The Minnesota workers strike and the class divide in America

The official expressions of dismay and outrage at the strike by 28,000 Minnesota state workers demonstrate the real content of the calls for “unity” and “sacrifice” by the big business press and politicians in the wake of the events of September 11.

The walkout is the second largest strike by public employees in the United States since 1989. Members of the American Federation of State County and Municipal Employees (AFSCME) and the Minnesota Association of Professional Employees (MAPE) are resisting drastic increases in health insurance premiums and co-pays, which, combined with the state’s paltry wage offer, would further erode their standard of living.

The strike has come under concerted attack by the state. Minnesota Governor Jesse Ventura mobilized 1,000 National Guard troops and incited workers to cross picket lines. Already one striker, Steven Kuehl, has been injured, run down by a car driven by a strikebreaker.

Ventura suggested that workers were “unpatriotic” for striking in the midst of the Bush administration’s preparations for a military assault against Afghanistan. Typical were his comments on an October 5 radio talk show when the governor declared, “We’re going to war, in my opinion. Everybody has to bite the bullet a little bit.”

The walkout has drawn the ire of the national media, with articles disparaging the strikers appearing in the Washington Post and New York Times. A piece in the October 5 Times, titled “Some workers are finding it a difficult time to strike,” insinuated that Minnesota public workers endangered “national unity” by taking to the picket line to defend their jobs and working conditions. “It has suddenly become difficult, or even risky, for unions to use their most potent weapon,” intoned the article’s author, Steven Greenhouse.

The virtual unanimity with which the establishment has come out to attack the right to strike reveals some basic truths about the United States. In reality it is a country sharply divided between a privileged segment of society and millions of workers and middle class people scraping ever harder to make a living.

For the wealthy elite, calls for the “defense of America” signify little more than defense of the corporate status quo, that is, the unlimited right of US big business to accumulate massive profits through its exploitation of the labor and raw materials of the entire globe. The corporate chiefs and their errand boys in the White House and Congress have seized on the confusion produced by the recent tragic events as an opportunity to launch an across-the-board attack on the jobs, living standards and democratic rights of the working class.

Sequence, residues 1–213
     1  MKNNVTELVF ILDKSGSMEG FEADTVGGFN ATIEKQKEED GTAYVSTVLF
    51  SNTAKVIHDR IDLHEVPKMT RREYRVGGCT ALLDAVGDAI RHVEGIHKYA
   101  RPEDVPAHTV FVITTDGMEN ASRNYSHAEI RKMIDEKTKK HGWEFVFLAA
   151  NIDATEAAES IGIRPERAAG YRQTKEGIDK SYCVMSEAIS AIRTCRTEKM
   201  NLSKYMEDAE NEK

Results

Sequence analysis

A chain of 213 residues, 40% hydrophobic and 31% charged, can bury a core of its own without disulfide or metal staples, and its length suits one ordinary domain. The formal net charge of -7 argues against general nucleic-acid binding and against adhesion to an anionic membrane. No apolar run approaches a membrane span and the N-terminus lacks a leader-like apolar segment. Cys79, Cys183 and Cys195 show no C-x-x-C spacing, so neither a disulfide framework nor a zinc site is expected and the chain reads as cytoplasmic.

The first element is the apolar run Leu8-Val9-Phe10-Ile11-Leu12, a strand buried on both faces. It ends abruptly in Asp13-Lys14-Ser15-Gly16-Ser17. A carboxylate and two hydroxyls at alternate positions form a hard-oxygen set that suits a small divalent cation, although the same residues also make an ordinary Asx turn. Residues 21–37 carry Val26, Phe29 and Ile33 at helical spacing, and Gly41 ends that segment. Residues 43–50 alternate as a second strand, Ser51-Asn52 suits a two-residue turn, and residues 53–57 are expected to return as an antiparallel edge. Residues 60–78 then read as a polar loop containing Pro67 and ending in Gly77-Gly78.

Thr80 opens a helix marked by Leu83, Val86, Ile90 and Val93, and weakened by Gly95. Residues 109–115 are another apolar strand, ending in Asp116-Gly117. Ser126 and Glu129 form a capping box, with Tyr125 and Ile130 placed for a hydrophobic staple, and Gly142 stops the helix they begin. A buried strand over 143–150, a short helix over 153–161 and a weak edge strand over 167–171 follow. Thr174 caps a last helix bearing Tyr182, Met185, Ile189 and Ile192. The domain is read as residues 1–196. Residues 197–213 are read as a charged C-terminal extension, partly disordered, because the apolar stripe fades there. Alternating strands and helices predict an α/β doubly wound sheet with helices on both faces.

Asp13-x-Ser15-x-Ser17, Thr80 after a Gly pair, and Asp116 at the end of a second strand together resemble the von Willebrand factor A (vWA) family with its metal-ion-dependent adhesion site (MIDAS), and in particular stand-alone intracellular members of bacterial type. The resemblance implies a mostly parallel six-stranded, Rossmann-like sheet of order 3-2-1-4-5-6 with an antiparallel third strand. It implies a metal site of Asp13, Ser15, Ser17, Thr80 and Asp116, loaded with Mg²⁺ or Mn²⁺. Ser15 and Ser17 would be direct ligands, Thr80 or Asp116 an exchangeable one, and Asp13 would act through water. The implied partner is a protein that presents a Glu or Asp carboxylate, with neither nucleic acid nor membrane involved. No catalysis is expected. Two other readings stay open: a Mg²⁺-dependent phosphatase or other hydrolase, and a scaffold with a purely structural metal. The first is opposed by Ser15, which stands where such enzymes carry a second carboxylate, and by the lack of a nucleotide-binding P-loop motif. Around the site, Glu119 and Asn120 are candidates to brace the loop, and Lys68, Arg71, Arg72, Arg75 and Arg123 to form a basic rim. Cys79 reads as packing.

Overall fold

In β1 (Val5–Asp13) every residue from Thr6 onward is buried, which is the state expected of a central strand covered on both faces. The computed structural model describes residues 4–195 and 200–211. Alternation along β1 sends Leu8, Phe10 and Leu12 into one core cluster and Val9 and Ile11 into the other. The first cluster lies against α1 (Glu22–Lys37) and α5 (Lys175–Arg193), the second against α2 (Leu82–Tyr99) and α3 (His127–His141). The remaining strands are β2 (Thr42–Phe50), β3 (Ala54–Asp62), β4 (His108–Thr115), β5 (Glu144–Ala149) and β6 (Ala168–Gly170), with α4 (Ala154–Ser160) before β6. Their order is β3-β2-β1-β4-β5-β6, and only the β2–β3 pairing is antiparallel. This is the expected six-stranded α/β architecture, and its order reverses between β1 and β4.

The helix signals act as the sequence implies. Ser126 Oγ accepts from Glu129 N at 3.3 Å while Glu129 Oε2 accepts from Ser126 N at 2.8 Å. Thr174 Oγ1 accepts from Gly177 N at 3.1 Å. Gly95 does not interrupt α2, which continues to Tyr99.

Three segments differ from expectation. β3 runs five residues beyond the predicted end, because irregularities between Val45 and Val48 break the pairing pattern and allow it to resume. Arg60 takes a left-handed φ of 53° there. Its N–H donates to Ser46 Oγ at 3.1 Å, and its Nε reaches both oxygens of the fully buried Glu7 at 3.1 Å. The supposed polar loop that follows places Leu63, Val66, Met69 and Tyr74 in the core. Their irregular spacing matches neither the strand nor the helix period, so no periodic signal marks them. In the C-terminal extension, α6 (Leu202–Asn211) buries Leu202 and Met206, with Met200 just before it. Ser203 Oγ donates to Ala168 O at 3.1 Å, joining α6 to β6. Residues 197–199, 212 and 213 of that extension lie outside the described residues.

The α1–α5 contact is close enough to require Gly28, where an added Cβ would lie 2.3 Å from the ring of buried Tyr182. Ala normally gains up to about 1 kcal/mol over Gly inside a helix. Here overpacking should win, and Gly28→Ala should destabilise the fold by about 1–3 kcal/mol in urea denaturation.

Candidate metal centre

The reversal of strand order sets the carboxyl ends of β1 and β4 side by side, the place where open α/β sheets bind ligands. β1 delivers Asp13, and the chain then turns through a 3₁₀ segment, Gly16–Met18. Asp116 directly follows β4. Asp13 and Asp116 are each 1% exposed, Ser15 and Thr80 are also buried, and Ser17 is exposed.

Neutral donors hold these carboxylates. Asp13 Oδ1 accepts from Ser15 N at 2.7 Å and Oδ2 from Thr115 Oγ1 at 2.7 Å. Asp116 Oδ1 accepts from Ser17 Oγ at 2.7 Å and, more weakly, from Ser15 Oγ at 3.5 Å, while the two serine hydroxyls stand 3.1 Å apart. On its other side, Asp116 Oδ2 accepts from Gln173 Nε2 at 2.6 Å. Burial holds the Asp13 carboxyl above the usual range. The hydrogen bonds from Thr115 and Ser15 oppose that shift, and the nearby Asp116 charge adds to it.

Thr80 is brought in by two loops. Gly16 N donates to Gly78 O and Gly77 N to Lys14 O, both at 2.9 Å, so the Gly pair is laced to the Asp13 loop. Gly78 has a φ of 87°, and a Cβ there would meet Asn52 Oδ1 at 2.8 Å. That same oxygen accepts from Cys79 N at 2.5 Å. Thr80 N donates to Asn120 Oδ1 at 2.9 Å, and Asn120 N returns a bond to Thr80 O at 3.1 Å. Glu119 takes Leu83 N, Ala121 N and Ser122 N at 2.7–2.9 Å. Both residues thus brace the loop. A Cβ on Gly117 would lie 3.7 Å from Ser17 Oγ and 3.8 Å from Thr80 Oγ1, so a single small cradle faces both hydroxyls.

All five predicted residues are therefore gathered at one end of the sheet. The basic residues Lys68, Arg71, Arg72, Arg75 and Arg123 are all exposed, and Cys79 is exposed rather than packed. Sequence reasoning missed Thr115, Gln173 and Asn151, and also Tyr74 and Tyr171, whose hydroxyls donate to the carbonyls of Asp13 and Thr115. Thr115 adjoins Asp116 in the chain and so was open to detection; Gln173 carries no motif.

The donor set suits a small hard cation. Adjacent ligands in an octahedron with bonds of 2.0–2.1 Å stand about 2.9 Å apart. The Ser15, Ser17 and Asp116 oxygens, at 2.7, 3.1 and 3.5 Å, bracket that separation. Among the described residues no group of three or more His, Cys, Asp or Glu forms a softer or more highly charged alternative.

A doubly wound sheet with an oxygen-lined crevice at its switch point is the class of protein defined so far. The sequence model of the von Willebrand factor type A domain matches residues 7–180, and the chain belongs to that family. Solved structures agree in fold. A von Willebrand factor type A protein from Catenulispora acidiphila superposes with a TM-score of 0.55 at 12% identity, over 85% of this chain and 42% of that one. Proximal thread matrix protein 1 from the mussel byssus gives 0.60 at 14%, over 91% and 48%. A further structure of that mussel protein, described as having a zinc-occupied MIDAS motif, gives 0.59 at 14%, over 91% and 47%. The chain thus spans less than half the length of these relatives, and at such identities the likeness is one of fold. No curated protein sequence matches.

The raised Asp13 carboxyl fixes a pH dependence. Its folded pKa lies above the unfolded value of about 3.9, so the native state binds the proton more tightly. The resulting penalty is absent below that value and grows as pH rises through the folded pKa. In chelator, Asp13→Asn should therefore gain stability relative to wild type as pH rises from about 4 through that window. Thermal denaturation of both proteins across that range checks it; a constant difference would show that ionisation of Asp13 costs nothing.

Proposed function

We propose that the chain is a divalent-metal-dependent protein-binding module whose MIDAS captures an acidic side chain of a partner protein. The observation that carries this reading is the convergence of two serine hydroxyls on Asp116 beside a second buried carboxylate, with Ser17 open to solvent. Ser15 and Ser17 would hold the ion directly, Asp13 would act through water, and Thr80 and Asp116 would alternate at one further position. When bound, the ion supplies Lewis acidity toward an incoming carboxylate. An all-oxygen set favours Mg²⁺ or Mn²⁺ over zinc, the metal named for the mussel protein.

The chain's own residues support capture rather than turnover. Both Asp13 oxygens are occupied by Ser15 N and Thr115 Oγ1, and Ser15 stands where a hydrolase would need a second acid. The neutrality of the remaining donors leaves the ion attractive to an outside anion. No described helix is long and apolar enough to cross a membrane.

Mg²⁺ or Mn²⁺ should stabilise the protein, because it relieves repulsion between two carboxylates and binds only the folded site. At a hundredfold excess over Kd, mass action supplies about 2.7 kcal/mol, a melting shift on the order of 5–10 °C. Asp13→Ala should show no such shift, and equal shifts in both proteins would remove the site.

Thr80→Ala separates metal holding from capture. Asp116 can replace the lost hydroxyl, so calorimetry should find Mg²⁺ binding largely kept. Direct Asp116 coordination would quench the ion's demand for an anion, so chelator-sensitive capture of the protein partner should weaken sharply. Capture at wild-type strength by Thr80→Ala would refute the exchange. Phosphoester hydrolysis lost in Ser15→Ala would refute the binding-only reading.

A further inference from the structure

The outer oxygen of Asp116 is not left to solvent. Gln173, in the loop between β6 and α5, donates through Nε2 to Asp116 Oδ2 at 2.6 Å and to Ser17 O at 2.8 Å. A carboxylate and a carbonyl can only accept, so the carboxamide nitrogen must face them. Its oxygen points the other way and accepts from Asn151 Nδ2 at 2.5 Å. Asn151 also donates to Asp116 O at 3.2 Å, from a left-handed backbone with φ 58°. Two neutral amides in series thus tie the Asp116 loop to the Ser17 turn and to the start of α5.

The airline industry is a glaring example. In the wake of the terrorist attacks, the airlines curtailed service, slashed hundreds of thousands of jobs and denied laid-off workers their contractually guaranteed severance benefits. Then the airlines marched hat in hand to Congress to demand a multibillion-dollar handout from the government.

Yet Minnesota state workers are denounced for insisting on a modest raise. In fact, the average AFSCME member working for the state of Minnesota earns just $31,000 per year, one 400th the pay of Rakesh Gangwal, CEO and president US Airways Group and one 1,000th the $34,821,583 in total compensation raked in last year by Leo F. Mullin, Delta Air Lines CEO.

In itself, this disparity demonstrates the phony character of the patriotic fervor now being whipped up in the United States. As in the Vietnam War and other conflicts, workers are expected to tighten their belts and sacrifice the blood of their sons and daughters while the wealthy coin profits out of their suffering.

The edgy response by Governor Ventura and the media to the walkout in Minnesota demonstrates that the big business establishment is well aware that, despite its talk of unity, America is a society rife with tensions. In fact, just days before the Minnesota strike, rioting broke out in poor neighborhoods of Cincinnati over the acquittal of a cop accused of murdering a black youth.

The Minnesota public workers strike also exposes the false populism of the so-called independent Ventura. The former professional wrestler and Navy veteran rode into the governorship by capitalizing on popular discontent with the Democrats and Republicans. Since taking office he has adopted policies virtually indistinguishable from his Democratic and Republican predecessors, uncritically supporting US militarism while denouncing welfare recipients and promoting “fiscal responsibility.” Faced with a state budget surplus in previous years Ventura decided to give out tax rebates, rather than increase spending on state services. As a result, state workers have seen a steady decline in their real wages. In the current contract negotiations the Ventura administration is proposing a health plan that would force individual state workers to pay as much as $3,800 in out-of-pocket expenditures.

This experience again demonstrates the futility of the policies of the AFL-CIO of supporting the lesser evil among capitalist politicians. All the big business politicians, whether they call themselves Democrats, Republicans or independents, in the final analysis defend the interests of the corporate elite. What is required is the construction of an independent party of the working class based on defending the human needs of workers and their families, not the profit interests of the rich.